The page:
Someone ought to ensure that Matt Fraction and Christian Ward continue making comics together until one of them falls to bits. Already a fan of this sci-fi epic during its first arc, this issue converted me to the coveted status of super fan. With Matt Fraction delivering a triple-layered script and Christian Ward creating some of the most fluid page layouts in recent memory, Ody-C has the makings of becoming a classic. Rather than get back to the Ody-C and her captain Odyssia’s voyage back to her family, this issue checks in on Ene, commander of the ship previously seen in the premiere issue, and He, one of the universe’s few remaining men blamed with igniting the war. In the premiere issue, I had been intrigued how the gender reversal of He would impact his character. Therefore, the focus on He this issue delighted me, even more so once Fraction uses He’s interest in stories to layer a few other myths into this Greek narrative. A substantial portion of the issue devotes itself to rendering these stories-within-stories, and Fraction excels at weaving their themes into the narratives of both this issue and the comic more generally. Momentarily tragic, the issue’s ending offers He a shot at normalcy he has little chance at in the Greek gods’ universe.
One of my favorite things about Ody-C is its commitment to telling a story at a distinct pace, seamlessly moving between large action scenes and wonderings by characters. In an issue that features little of the bloody violence seen in previous issues, Christian Ward channels his efforts into some gorgeous pages depicting the stories He reads. Each layer of story takes on its own art style, the page layout becoming more abstract in the story about Inanna and the farmer who rapes her. Ward provides Inanna with a futuristic spectral design that’s enchanting and chilling in the moment where she squishes the head of her rapist. Even when depicting this murder, Ward uses the resultant blood to divide the page’s borders, lending the page a steady page as it pulls out of that story into the one He reads, and then finally to an image of He reading the story. In this final image, He looks back at the reader as if aware that we’re observing him as just another layer of storytelling. It’s fun meta-storytelling that aids in the comic’s exploration of gender and violence while also further expanding the comic’s universe, the planet Q’af housing a unique society that hopefully the comic decides to revisit.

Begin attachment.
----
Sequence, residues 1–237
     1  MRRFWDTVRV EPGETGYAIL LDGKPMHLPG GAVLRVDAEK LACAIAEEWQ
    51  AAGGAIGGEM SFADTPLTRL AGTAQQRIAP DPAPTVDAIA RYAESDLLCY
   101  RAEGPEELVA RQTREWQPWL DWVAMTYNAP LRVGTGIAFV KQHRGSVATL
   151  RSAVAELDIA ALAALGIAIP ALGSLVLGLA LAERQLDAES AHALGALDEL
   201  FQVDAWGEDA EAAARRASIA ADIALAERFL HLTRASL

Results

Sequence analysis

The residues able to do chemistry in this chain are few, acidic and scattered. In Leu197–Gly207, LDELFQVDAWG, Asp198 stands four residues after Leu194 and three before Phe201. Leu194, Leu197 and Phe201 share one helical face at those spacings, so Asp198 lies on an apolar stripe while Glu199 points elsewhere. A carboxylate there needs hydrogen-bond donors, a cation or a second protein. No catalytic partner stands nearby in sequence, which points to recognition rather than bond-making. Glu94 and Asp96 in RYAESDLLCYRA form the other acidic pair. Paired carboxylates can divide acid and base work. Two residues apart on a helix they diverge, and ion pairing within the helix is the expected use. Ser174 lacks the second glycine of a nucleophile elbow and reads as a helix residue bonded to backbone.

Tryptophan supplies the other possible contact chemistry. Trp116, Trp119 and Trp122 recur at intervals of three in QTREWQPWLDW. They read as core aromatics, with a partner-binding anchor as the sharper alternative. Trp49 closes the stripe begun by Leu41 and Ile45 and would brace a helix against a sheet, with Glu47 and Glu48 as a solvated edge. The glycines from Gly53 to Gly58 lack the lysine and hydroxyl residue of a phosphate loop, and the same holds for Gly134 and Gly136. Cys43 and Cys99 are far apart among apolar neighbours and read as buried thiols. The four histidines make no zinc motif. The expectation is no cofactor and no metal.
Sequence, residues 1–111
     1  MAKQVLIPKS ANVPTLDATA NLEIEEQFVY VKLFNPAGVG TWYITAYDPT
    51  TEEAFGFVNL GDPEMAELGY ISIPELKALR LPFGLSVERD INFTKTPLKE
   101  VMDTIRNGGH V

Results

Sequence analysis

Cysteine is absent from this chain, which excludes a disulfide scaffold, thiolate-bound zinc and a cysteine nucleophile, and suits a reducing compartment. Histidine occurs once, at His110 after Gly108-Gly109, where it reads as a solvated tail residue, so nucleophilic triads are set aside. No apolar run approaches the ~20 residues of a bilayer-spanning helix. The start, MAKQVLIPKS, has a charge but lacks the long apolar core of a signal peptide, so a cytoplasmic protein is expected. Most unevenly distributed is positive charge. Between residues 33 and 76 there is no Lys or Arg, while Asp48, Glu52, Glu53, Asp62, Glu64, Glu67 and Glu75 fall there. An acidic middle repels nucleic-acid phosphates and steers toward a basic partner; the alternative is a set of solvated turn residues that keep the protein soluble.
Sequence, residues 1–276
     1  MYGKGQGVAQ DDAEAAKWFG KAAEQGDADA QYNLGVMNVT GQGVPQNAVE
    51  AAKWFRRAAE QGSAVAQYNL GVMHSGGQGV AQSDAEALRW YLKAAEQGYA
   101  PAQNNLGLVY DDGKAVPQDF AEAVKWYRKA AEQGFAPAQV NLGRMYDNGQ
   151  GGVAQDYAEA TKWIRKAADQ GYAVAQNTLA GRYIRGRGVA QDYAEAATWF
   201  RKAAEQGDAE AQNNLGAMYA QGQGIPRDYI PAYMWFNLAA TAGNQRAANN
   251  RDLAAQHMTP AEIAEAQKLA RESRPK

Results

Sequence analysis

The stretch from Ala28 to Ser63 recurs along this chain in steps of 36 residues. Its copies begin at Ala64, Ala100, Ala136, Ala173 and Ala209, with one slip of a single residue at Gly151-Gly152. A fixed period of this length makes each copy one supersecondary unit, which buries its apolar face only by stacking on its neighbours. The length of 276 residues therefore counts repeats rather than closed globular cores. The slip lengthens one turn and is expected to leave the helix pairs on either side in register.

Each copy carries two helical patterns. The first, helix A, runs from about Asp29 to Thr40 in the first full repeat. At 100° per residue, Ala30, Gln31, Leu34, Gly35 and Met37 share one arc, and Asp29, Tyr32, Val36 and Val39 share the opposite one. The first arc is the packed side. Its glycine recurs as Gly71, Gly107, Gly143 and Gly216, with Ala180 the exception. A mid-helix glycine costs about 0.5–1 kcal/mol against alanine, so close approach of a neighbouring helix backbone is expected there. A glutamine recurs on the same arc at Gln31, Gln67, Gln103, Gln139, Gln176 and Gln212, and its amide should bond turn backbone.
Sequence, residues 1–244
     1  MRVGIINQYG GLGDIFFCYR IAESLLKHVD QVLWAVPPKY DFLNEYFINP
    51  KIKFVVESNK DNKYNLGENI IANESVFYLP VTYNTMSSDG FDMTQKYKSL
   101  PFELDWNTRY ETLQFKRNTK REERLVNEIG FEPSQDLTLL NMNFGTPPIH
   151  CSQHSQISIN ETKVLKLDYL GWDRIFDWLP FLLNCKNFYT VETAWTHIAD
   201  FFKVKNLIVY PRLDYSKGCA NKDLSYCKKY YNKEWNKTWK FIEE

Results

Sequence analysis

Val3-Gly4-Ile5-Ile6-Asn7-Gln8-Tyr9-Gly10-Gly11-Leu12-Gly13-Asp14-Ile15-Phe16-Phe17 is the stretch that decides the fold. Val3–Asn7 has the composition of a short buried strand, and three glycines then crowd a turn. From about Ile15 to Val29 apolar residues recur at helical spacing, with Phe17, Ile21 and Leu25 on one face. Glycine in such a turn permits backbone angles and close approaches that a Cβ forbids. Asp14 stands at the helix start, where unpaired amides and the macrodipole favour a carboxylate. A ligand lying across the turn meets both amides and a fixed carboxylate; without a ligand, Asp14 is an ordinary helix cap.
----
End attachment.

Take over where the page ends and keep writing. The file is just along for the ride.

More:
Subverting the trope of the female concubine, He provides insight into how men have come to be seen since their extinction. Throughout the issue, it’s evident that the other characters view He solely as an object of pleasure. At one point, he’s bathed and adorned only to be stood-up by Ene. Despite his expressionless mask, He conveys a wide range of emotions through his body language and dialogue... However, just as we’re most likely to feel intense sympathy for He, the comic simultaneously offers up a case for why He’s ilk might just be better of remaining extinct. His readings provide evidence for just why women may be better off without men, both stories concerning the abuses suffered by women mortal and divine by selfish men. He’s seemingly happy end here feels well-earned following the enslavement and lack of agency he previously faced.
I’ve read a few times that Matt Fraction doesn’t think very highly of his faux Greek hexameter, but his effort really pays off by the way even small bouts of exposition become interesting under the hynotic syntax. Paired with Ward’s art, the two provide this comic a feeling as though it’s originating unfiltered from their imaginations. Their understanding of this classic myth and storytelling more generally exudes onto each page. I recommend Ody-C to anyone bored by nine panel structures who want to get lost in a comic’s art.
Ody-C #6 Writer: Matt Fraction Artist and Colorist: Christian Ward Flatting: Dee Cunniffe Lettering: Chris Eliopoulos Publisher: Image Comics Price: #3.99 Release Date: 8/12/15 Format: Ongoing, Print/Digital